How to find your way through the wreckage

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Sunday, 27 April 2014

Painting: Skaven - Isle of Blood

Skaven painting process and end results

As with some of the painting processes I have posted this will break down into steps how I went about painting the majority of the Skaven from the Isle of Blood box set. At the end I have included completed pictures of the army. (Disclaimer: as usual this is no master painting class, this is simply some pictures of how I went about the painting)

Step 0 - Assemble and Undercoat

These models are very simple to assemble. For the Isle of Blood models it is simply a matter of clipping them from the sprues, scraping off cast lines, slotting the model onto the base and putting a weapon arm on the side. I undercoated these white to allow me a slightly lighter option to painting the flesh without having to re-coat areas in white. This meant I needed to repaint the metal areas black, but this was not a major obstacle.

Step 1 - Magnet on Base

With my increasing exposure to magnets in other projects, the use of magnets on model bases is a fantastic idea for Warhammer. The use of plastic models with magnets their base keeps them stable providing easy movement on and off the battlefield. You will need to also have magnetic material on the unit base for this to work.

Step 2- Painting the Base

Painting the base first really helps me to pull the colours together to figure out what I will be painting. It also sets the overall look of the army. Be it on rolling green fields, sandy deserts, or snowy heights a good base colour will help tie the look of an army together. I have gone for brown here as I want to emphasise the dirty, underground nature of the Skaven.

Step 3 - Flesh and Fur

At this step the first base layer of flesh colour and fur is put on. This should be the darkest flesh you will use. It will be layered and highlighted in later steps. Ideally you want slightly separate colours for your flesh and fur to help distinguish the fur at the end.

Step 4 - Painting wooden bits

This is simply a painting process step. There is nothing too important other than deciding if you will have metal poles for weapons, shield etc. If so, skip to the next step.

Step 5 - Blacken the parts for metal paint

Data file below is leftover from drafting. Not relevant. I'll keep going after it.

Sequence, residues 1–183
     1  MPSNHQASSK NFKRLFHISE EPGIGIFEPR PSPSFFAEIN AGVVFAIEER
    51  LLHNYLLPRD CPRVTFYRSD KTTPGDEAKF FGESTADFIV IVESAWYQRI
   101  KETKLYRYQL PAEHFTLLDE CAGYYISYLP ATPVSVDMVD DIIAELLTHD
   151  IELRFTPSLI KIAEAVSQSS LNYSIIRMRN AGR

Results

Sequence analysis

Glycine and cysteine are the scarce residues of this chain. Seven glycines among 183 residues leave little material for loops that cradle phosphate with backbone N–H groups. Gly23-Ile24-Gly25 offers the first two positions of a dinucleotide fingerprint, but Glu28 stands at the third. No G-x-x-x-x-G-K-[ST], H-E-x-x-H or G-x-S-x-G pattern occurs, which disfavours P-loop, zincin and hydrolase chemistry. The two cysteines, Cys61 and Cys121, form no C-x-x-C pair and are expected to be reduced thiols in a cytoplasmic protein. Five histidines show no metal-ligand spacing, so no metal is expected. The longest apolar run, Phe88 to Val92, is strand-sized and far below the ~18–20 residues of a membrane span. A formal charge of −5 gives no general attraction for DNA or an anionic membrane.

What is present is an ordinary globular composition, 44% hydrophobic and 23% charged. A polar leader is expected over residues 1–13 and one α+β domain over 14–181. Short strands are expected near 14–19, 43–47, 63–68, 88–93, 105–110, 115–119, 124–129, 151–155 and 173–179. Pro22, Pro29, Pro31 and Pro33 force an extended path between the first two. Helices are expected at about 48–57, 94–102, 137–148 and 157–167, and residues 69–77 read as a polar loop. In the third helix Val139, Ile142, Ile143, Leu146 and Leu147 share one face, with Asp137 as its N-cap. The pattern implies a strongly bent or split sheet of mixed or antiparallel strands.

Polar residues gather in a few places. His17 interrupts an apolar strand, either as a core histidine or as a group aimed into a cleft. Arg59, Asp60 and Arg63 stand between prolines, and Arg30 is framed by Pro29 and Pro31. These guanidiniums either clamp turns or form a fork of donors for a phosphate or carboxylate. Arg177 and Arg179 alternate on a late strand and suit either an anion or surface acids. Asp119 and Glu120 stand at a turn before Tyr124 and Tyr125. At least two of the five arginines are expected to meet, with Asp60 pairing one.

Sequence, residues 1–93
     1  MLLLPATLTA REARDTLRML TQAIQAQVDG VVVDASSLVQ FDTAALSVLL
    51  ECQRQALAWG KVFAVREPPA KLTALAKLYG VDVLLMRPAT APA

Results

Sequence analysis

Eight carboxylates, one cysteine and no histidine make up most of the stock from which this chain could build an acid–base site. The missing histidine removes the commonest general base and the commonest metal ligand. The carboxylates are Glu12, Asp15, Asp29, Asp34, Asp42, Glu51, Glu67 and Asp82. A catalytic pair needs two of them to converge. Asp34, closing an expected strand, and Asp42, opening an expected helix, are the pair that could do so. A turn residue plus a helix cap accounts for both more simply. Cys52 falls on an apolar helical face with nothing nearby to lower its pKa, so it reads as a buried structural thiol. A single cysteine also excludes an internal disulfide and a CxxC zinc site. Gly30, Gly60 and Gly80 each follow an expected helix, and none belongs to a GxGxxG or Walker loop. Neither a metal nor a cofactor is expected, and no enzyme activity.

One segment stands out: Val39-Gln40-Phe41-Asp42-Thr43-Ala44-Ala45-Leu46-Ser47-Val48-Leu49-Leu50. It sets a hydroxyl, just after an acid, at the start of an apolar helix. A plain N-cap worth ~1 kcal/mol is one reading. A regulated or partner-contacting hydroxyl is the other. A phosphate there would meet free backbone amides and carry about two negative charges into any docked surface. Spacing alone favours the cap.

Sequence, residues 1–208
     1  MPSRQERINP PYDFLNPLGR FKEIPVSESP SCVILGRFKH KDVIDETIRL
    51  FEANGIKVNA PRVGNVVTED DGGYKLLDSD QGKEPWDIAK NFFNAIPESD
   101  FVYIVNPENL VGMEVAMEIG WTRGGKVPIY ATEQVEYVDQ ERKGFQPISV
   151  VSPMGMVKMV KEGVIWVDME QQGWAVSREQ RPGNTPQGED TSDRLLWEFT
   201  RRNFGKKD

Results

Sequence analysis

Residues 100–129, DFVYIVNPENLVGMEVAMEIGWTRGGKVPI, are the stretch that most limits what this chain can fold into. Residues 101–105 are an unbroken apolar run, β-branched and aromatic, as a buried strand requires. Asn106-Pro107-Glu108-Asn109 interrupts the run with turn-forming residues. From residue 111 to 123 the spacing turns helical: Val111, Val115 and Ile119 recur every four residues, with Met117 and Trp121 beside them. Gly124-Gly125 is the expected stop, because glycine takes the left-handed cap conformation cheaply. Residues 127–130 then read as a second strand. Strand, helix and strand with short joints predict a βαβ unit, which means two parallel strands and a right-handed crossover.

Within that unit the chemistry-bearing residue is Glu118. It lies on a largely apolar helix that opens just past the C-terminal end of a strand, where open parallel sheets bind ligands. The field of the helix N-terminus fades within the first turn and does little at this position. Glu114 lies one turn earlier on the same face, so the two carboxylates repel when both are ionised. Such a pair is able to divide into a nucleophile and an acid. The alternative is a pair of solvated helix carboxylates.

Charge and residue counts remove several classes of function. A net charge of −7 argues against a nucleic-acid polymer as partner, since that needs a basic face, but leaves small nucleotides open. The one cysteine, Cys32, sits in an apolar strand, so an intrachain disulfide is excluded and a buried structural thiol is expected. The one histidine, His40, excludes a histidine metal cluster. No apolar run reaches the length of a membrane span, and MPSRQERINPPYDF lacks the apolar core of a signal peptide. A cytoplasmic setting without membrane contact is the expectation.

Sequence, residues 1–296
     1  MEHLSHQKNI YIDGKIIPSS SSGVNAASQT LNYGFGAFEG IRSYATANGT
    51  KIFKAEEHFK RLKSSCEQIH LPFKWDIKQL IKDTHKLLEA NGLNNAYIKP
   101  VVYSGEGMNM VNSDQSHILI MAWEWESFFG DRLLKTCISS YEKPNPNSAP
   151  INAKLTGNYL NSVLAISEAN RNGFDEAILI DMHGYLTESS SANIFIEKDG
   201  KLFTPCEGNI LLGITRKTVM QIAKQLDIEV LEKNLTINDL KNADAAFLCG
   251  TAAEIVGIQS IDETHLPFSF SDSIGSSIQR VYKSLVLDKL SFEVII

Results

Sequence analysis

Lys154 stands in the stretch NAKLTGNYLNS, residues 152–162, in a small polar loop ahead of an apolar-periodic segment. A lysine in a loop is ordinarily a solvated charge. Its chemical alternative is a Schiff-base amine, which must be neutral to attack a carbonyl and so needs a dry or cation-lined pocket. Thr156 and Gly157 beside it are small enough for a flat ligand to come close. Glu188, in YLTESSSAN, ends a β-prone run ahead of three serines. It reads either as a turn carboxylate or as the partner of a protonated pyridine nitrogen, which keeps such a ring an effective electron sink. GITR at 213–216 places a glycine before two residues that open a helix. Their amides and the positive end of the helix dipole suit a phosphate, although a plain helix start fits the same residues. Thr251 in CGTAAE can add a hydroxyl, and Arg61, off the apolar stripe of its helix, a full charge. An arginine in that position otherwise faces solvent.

In order to use the least amount of metallic paint you need them to be painted onto a darkened area. As the model was undercoated white I went back and placed a layer of black onto those areas I wanted to paint the metals.

Step 6 - Major cloth areas

While waiting for the blackened areas to dry we can move onto painting the large cloth areas. This is a very important step as there is enough variety in the models that you can have a field day painting lots of colours. This can be effective however may result in a slightly 'chaotic' looking rabble (maybe what you are working towards). I chose two major colour groups and used these to tie both of my separate Clanrat units together.

Step 7 - Metals

 The metals I used where the warplock bronze. I didn't want the army to look too shiny or well taken care of. Basically I wanted it to look like it had been forged underground by ratmen intent on killing all the Skaven-like. The use of silver as well on other armour areas can be used to highlight against the bronze.

Step 8 - Flesh and Fur layer 2, Bone and Belts

Here we start adding additional detail to the model. The second colour layer goes onto the raised flesh and fur areas in a slightly lighter colour. After this we pick out the bony spikes, and belts, paper ribbons etc.

Step 9 - Washes

I am no expert painter and I am happy to take advantage of any cheap trick I can. In this case it is using washes to blend the base and layer colours together across the flesh, fur, and cloth. This helps darken the colours and allow for an accented highlight on edges if required. When painting lots of models, washes make I very easy to paint flesh areas (very important when painting lots of the same model).

Step 10 - Tidy Up, Fine Details, Eyes

At this point it is a once over with the colours to tidy up overruns and make paint lines cleaner. Also god to pick out the eyes and any extra highlights required.


End results

So firstly I always pick a test subject to go through the complete process to make sure it will work. After that I can start batching models through the steps. Here is the result of the second test which is what I ended up going with. As you can tell it does not have all the detail, but it gives the overall look of how they will turn out.

I have also included here the photos of the specialist units in the army and the characters. For the large part they followed a similar process however as they are individuals a lot more attention was paid to them. (Apologies for the dates in some of the photos)




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